Instead, the administration plans to revise the rule to try to meet concerns raised by a federal judge and issue it again by late March, hoping to pass court scrutiny on the second try. The rule would have forced employers to fire workers within 90 days if their Social Security information could not be verified.
The government's proposal was a response to an indefinite delay to the rule ordered Oct. 10 by the judge, Charles R. Breyer of Federal District Court in San Francisco. Judge Breyer found that the government had failed to follow proper procedures in issuing the rule and that it should have completed a survey of its impact on small business.
He also found that the Social Security database the government would use to verify workers' status was full of errors, so the rule could lead to the dismissal of many thousands of workers who were American citizens or legal immigrants.
In a four-page motion filed Friday, the government, without acknowledging any flaws in the original rule, asked Judge Breyer to suspend the case so the Department of Homeland Security could rewrite the rule and conduct the small-business survey, which it expects to do by March 24. The government said that it wanted to "prevent the waste of judicial resources" and that it was confident the amended rule would "fully address the court's concerns."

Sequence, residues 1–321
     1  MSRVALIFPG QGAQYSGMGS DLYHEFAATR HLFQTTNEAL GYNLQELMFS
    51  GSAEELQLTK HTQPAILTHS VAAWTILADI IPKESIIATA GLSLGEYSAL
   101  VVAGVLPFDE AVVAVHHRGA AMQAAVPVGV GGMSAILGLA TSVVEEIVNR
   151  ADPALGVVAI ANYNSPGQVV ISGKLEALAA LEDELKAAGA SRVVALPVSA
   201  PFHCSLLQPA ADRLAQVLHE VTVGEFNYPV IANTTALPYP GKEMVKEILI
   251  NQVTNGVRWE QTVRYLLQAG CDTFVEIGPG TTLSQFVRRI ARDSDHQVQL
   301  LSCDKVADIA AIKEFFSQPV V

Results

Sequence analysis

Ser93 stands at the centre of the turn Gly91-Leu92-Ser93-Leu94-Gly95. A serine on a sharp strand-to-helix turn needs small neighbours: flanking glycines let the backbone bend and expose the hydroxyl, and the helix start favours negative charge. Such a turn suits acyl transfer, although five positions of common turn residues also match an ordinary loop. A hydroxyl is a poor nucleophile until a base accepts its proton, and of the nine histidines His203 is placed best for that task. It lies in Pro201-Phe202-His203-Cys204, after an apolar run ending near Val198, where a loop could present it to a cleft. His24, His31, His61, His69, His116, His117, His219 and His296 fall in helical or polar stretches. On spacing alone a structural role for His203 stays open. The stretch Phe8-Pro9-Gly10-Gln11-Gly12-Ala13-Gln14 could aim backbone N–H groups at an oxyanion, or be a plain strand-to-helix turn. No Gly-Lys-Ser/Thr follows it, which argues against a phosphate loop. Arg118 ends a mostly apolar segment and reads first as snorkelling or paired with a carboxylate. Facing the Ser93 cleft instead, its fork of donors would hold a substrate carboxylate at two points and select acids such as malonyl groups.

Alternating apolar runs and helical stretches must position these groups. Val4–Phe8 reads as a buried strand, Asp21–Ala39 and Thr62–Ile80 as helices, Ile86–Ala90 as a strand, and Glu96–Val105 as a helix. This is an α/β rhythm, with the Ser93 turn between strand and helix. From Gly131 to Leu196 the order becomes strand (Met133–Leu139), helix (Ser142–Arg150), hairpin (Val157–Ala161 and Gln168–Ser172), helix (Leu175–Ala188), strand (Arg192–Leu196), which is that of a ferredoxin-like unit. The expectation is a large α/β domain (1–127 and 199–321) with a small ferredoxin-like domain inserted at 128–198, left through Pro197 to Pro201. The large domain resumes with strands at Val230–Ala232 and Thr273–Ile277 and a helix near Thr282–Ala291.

The rule laid out procedures for employers to follow after receiving a notice from the Social Security Administration, known as a no-match letter, advising that an employee's identity information did not match the agency's records.
The employer would have had to fire an employee who could not provide verifiable information within 90 days, or face the risk of prosecution for knowingly hiring illegal immigrants. Those immigrants often present fake Social Security numbers when applying for jobs.
Judge Breyer also stopped Social Security from sending out about 141,000 no-match letters, covering more than eight million workers, which contained instructions from Homeland Security about the rule. Social Security sends the letters to clarify workers' information so it can correctly credit taxes deducted from their wages.
Some businesses welcomed the rule because it clarified what they had to do to avoid immigration raids. But the labor unions cited a report from the inspector general of the Social Security Administration finding that 12.7 million of the records of United States citizens in the agency's database contained errors that could lead to them being fired.